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Kan Enterprises, Inc. v. South Carolina Department of Revenue

Court of Appeals of South Carolina

July 12, 2017

Kan Enterprises, Inc., d/b/a A1 Food Stores, Appellant,
v.
South Carolina Department of Revenue, Ellen Fishburne Triplett, Keith McIver, Samuel L. Munson, Jocelyn Munson, and Michael Hill, Respondents. Appellate Case No. 2015-000733

          Submitted June 1, 2017

         Appeal From The Administrative Law Court Ralph King Anderson, III, Administrative Law Judge

          S. Jahue Moore and John C. Bradley, Jr., both of Moore Taylor Law Firm, P.A., of West Columbia; Kenneth E. Allen, of Columbia, for Appellant.

          Milton G. Kimpson and Sean G. Ryan, both of Columbia, for Respondent South Carolina Department of Revenue.

          Kathleen M. McDaniel, of Callison Tighe & Robinson, LLC, of Columbia, for Respondents Ellen Fishburne Triplett, Keith McIver, Samuel L. Munson, Jocelyn Munson, and Michael Hill.

          WILLIAMS, J.

         Kan Enterprises, Inc. (Kan), d/b/a A1 Food Stores (A1), appeals the administrative law court's (ALC) denial of its application to renew a permit to sell beer and wine for off-premises consumption. Kan.argues the ALC erred in (1) misapplying the law, relying upon unsubstantiated opinion testimony, and failing to support its decision with the evidence; (2) depriving it of a vested interest; and (3) violating its constitutional rights. We affirm.

         FACTS/PROCEDURAL HISTORY

         Kan[1] owns A1, a convenience store located at 4101 Monticello Road in the Hyatt Park/Keenan Terrace neighborhood of Columbia, South Carolina. A1 sold beer and wine pursuant to a seven day off-premises beer and wine permit issued by the South Carolina Department of Revenue (DOR) in 2012. On July 31, 2014, Kan.filed an application with the DOR to renew the permit.[2] Although Kan.met all of the statutory requirements for renewal, the DOR denied its application based upon timely filed public protests. The written protests included allegations that A1 promoted littering, panhandling, loitering, public drunkenness, and other criminal activity in its vicinity and nearby community.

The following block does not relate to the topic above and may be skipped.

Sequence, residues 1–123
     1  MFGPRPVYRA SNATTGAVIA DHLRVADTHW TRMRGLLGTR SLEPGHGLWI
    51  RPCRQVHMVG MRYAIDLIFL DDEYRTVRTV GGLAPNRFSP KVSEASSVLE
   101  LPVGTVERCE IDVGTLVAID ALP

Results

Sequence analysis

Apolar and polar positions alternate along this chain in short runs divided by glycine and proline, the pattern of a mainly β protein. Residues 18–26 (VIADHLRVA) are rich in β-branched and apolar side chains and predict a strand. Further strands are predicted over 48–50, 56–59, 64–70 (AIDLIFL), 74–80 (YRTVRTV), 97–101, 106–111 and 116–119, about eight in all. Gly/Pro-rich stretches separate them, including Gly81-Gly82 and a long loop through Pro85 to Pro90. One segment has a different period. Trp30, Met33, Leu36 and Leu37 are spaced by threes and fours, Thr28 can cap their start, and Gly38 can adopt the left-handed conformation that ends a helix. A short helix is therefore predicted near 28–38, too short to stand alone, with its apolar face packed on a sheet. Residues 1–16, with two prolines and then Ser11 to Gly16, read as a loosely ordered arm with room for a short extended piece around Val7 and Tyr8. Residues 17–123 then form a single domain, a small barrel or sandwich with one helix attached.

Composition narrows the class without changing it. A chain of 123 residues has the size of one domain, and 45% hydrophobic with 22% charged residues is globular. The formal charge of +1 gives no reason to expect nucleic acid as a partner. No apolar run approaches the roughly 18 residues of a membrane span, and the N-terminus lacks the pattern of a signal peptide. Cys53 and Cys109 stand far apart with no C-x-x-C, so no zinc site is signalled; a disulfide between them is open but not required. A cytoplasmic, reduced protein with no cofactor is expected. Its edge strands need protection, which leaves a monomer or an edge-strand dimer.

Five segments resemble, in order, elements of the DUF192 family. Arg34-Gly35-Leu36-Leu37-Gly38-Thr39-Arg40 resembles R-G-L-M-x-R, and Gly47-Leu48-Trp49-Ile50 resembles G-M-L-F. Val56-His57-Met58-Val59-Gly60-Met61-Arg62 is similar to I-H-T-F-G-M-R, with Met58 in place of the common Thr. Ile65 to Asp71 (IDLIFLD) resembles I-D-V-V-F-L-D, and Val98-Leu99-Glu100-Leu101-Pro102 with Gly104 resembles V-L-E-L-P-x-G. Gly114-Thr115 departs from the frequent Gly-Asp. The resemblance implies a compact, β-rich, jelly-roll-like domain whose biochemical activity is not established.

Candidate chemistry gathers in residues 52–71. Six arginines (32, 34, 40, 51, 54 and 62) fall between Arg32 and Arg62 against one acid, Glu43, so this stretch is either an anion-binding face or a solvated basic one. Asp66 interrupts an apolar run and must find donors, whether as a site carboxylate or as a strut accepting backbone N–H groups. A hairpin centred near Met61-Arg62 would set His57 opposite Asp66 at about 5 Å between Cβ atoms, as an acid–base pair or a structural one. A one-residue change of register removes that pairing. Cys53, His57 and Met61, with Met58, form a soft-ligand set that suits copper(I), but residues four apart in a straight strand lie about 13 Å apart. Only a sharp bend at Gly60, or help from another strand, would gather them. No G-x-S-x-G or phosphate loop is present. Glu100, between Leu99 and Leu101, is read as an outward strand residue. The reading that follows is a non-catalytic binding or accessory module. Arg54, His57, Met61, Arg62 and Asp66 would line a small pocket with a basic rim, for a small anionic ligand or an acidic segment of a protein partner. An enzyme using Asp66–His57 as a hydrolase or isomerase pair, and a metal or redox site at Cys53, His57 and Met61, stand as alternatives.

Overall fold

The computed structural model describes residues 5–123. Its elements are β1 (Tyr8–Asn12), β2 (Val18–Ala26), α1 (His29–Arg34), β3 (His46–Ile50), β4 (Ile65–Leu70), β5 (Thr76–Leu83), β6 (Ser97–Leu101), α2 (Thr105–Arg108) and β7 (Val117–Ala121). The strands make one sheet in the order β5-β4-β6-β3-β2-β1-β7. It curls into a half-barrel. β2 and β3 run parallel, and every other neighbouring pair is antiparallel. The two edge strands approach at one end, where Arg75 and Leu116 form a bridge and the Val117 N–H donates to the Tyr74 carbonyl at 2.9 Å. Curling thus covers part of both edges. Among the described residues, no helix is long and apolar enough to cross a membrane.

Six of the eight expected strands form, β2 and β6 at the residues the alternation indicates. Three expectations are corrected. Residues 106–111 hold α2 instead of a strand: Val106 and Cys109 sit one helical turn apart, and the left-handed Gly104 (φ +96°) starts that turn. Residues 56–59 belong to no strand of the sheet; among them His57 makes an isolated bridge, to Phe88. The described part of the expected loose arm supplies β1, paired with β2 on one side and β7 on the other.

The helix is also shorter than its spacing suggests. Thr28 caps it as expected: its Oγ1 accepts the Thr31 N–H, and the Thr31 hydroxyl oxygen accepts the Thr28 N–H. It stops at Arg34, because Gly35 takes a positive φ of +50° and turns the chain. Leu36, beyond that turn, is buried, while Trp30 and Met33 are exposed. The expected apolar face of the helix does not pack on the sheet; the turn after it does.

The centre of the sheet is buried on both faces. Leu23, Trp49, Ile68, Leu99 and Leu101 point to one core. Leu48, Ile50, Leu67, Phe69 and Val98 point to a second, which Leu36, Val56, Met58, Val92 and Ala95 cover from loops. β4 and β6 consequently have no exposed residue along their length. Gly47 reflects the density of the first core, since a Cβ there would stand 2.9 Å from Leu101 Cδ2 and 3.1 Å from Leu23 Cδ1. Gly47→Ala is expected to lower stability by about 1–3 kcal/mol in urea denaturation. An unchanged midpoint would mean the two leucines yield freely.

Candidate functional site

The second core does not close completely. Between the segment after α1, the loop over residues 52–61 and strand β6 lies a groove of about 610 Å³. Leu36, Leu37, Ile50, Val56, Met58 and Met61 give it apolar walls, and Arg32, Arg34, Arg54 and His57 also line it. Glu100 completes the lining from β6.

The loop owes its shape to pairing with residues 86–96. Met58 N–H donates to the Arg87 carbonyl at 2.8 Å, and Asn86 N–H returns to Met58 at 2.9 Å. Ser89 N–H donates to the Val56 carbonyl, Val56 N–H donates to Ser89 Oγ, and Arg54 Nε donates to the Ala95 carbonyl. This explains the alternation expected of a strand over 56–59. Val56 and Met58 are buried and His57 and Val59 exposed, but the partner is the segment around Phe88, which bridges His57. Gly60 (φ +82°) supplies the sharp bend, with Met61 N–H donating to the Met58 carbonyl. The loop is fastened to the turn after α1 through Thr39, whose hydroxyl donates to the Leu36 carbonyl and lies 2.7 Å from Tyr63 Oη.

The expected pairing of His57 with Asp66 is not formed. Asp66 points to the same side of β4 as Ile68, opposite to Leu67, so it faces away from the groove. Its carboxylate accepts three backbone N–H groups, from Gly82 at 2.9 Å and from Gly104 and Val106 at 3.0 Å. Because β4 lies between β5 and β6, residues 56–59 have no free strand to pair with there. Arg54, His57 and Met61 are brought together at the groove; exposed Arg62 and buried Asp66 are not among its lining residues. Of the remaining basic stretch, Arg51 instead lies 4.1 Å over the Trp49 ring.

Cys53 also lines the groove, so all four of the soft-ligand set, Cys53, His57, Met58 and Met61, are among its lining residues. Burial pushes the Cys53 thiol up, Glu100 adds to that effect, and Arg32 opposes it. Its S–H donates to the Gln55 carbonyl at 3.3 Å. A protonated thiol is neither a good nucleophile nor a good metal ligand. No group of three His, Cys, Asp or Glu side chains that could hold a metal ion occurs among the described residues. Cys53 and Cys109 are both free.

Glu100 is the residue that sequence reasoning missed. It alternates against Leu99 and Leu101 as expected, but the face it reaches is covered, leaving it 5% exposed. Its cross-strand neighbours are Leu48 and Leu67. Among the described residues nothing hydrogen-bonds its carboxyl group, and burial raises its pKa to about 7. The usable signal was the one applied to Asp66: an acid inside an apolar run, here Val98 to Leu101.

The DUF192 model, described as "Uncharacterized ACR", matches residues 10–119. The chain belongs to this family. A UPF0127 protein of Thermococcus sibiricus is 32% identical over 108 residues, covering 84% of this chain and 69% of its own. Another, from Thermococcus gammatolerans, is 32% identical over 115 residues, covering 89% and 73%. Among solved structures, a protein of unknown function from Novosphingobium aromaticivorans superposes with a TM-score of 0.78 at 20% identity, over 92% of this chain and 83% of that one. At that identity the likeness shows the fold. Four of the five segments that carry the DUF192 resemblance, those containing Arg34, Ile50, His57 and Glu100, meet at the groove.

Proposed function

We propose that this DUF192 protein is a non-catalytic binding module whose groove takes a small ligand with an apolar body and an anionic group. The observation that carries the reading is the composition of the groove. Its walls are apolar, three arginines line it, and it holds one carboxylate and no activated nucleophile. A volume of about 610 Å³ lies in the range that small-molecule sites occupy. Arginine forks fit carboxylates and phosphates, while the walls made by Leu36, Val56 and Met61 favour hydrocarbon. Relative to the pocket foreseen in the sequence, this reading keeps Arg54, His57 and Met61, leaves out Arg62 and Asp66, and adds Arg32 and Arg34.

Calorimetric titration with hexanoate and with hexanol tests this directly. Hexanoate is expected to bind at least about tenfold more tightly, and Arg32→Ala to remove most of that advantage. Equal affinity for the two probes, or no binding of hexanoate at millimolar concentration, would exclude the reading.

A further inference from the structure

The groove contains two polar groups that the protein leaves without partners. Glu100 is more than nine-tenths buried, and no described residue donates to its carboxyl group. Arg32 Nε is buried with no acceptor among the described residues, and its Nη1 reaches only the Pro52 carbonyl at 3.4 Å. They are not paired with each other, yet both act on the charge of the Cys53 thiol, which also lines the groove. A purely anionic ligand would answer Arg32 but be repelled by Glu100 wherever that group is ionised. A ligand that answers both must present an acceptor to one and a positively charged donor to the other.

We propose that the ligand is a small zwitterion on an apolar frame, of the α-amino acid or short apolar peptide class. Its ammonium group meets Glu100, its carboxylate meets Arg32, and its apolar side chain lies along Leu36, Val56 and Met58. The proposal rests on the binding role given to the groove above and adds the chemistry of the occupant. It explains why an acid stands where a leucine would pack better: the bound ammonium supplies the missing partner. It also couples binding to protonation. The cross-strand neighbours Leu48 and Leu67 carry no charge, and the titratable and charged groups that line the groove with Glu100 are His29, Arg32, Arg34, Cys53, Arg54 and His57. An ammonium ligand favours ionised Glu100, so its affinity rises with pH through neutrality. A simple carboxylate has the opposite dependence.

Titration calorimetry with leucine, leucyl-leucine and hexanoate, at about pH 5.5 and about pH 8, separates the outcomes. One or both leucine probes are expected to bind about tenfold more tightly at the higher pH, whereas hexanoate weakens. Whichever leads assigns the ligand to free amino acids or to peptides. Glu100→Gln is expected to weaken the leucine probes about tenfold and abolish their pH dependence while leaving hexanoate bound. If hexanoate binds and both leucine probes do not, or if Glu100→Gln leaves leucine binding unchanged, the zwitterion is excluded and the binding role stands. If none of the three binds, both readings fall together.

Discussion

Kan requested a contested case hearing with the ALC.[3] At the hearing, A1's manager, Vinno "Vinny" Sehgal, testified he had been employed at the store for two years and had about seven years of experience managing convenience stores. Sehgal stated he works at A1 for six to eight hours daily and was also available by phone "24/7." According to Sehgal, A1's employees neither sold alcohol to intoxicated customers nor allowed individuals to drink alcohol in the building or parking lot. However, Seghal admitted Kan.paid a fine after the South Carolina Law Enforcement Division cited one of its cashiers for selling alcohol to a minor.

         In terms of security, Sehgal testified A1 maintains an interior and exterior camera system and employs a security guard during nighttime hours. A large sign is posted at the store's main entrance, which states the consumption of alcohol, narcotics, panhandling, and loitering are prohibited on the premises. Seghal noted A1's employees check the parking lot and areas around the store three times a day for litter, which he believed could come from customers of other nearby businesses. Two local residents and A1's security guard then testified that A1's condition has improved since Seghal took over as manager.